Illinois’ Law of Accountability: What Is It? Why Does It Matter?
You may think if you don’t actually commit a crime that you’re free and clear under the law. That’s not necessarily true.
In Illinois, the Law of Accountability can lead to the arrest and conviction of someone based on the theory of accountability. How is this possible? Read on more to find out about this law and why it matters in criminal court cases.
What is Illinois’ Law of Accountability?
Under the law in Illinois, someone can be held legally accountable for the actions of someone else either during or before an offense if they work to aid, abet, attempt, or agree to help that person in the planning or commission of the crime.
As with many other issues relating to criminal law, this one is all about intent. In order to be proven in court, the State has to establish one of two things.
Either the person being charged under the Law of Accountability shared the criminal principle or intent, or that they, with the person who committed the illegal act, had a common criminal design. In other words, they both meant to advance or commit a crime.
Criminal Liability in Illinois
Criminal liability is the idea that a person can be punished for committing conduct that is prohibited. The law decides what types of behavior are punishable, which is why someone can be found guilty of a crime for the criminal acts of another person.
When You Help an Offender
Criminal liability is simply another way to think about accountability under the law. A good example of accountability in this sense is driving a getaway vehicle for someone who robs a bank. You understand the crime a person is going to commit and probably help them to plan it out. They may be the person who actually goes into the bank and robs it, but you helped.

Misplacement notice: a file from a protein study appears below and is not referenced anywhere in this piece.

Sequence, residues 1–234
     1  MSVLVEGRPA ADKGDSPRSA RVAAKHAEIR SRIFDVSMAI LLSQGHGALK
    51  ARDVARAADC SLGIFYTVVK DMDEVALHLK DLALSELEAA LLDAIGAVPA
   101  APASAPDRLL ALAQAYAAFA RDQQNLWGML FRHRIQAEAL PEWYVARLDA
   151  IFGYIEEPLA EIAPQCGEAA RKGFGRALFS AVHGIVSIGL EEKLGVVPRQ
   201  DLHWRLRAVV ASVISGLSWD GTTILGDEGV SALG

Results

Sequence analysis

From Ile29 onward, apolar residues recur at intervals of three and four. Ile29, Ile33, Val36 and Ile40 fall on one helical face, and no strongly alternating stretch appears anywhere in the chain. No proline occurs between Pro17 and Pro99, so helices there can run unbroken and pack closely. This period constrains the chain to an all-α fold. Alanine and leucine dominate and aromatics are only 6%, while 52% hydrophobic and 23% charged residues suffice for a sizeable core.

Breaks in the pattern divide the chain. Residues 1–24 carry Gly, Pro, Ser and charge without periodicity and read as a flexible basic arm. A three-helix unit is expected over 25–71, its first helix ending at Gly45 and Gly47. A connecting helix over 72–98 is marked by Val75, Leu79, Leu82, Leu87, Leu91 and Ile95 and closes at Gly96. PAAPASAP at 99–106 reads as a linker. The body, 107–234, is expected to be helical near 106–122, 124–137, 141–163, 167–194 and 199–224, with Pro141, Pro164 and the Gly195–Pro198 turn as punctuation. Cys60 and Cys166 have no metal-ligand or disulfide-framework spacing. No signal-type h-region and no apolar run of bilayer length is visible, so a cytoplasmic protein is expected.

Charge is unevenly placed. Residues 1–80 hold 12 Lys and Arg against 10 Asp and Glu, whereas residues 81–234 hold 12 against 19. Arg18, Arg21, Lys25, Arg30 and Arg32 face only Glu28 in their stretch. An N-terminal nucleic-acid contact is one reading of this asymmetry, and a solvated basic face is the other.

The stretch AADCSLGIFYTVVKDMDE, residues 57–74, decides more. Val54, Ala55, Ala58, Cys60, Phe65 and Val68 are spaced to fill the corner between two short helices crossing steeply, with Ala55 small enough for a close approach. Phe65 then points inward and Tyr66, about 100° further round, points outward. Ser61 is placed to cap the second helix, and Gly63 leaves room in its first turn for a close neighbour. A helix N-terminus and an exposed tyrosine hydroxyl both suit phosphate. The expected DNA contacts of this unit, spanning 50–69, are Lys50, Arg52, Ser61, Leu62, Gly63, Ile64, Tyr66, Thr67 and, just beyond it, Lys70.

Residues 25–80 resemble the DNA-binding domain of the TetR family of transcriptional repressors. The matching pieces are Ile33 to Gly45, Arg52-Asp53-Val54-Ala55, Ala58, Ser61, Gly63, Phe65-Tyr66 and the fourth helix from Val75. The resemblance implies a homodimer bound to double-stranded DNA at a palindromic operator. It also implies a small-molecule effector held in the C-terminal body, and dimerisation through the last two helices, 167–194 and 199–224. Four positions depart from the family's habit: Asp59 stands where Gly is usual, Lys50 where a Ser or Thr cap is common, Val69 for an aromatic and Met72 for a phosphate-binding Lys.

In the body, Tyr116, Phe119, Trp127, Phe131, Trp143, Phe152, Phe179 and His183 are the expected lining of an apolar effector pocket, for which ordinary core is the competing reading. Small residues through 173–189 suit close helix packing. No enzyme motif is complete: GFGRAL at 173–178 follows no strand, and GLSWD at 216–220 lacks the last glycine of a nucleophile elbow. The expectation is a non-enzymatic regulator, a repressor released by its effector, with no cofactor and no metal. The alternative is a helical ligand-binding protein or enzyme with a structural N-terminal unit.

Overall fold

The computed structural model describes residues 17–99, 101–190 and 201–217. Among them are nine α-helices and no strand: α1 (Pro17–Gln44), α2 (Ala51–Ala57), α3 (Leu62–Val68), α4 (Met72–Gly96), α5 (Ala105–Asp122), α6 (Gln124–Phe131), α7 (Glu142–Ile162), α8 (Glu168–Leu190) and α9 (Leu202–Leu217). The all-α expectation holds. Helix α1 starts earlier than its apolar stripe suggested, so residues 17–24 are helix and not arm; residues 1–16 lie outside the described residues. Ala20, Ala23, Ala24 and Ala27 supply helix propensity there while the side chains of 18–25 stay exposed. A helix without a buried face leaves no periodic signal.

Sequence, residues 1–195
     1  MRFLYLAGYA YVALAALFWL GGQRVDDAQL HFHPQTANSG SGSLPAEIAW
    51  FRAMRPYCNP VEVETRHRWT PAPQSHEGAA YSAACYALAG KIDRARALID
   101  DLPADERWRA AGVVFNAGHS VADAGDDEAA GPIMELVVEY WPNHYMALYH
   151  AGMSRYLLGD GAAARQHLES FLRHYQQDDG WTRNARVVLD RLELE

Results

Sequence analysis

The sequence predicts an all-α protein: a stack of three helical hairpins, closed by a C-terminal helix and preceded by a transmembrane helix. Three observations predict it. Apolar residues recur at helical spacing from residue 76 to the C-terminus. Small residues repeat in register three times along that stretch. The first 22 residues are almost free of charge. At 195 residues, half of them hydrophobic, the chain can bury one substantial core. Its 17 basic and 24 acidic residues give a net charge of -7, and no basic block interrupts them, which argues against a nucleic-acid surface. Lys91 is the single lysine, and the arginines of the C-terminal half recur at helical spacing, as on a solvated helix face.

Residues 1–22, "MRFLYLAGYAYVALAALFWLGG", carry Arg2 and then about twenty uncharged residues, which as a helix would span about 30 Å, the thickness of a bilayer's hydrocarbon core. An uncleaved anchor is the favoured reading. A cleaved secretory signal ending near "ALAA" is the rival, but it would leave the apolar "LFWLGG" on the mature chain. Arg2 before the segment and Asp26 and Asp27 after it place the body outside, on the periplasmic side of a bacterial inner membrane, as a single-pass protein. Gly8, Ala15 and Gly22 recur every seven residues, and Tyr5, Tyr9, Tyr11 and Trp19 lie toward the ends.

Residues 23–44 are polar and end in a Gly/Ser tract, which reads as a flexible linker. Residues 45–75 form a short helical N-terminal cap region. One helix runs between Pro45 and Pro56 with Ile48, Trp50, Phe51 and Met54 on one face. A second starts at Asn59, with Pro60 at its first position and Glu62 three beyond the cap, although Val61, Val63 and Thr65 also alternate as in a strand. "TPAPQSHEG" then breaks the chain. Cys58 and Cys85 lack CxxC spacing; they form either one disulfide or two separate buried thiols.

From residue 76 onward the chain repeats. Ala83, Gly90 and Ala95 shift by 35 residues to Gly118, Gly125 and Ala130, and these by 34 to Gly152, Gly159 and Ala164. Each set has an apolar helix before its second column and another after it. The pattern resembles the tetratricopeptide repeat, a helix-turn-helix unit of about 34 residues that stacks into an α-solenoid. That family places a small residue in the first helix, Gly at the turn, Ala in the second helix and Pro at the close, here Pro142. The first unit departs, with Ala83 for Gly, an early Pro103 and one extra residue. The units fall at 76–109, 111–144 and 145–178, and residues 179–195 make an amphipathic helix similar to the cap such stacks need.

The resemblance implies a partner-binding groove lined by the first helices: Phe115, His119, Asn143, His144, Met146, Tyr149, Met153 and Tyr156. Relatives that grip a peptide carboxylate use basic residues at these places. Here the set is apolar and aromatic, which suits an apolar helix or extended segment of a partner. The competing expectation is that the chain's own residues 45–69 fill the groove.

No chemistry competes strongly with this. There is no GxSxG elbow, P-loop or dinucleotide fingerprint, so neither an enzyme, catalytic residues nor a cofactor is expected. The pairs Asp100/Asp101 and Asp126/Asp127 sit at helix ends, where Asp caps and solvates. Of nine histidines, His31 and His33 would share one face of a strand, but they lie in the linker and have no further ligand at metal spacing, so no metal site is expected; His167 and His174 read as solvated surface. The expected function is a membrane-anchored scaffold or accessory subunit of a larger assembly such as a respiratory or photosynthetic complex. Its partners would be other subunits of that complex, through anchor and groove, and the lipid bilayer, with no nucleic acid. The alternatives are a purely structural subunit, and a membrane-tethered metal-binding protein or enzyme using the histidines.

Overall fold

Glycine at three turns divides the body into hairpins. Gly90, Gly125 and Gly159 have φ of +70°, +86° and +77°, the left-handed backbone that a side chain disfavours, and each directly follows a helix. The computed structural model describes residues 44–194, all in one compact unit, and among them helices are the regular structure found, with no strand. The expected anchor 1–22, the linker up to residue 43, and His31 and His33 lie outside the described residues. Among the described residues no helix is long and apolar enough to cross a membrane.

When you have planned the crime, driven them to the place where the crime is committed, then helped them to escape, you are culpable in the eyes of Illinois law.
Common Criminal Design
Furthermore, the language of the law includes common criminal design. The common criminal design doesn’t have to be for the crime that was actually carried out by the other person for you to get in trouble for it.
For example, if you planned to drive a car to a gas station in order for your accomplice to rob it, then your accomplice shoots the store clerk (something you didn’t plan with them), you can still be held accountable for the shooting part of the crime.
You Are the Company You Keep
The real takeaway from the Law of Accountability is that you need to be careful with the decisions in life you make. Perhaps a friend’s offense doesn’t seem like a big deal. You’ve heard the saying, “you are the company you keep.”
Know that even when you agree to commit a crime you don’t think is very serious, but if the crime escalates during its commission to something more serious, you can be on the hook for that crime too.
If someone you’re planning to commit a crime with takes it further than you thought, it’s bad news all around for you and them.
The law is complicated but at the end of the day, it only seeks to hold people accountable for the crimes they commit. The bottom line is that if you plan a crime and take part in it in some way with another person, Illinois says you’re just as responsible as the person who commits the crime.
About the Author:
Andrew M. Weisberg is a former felony prosecutor who now serves as a defense attorney in the greater Chicago area. He has extensive experience in handling all types of criminal cases, from sex offenses and domestic violence to retail theft-related crimes, murder, and drug crimes. His work has been recognized by Avvo, Expertise, National Trial Lawyers, and others, and he has been featured on countless news outlets for his experience and knowledge in criminal law.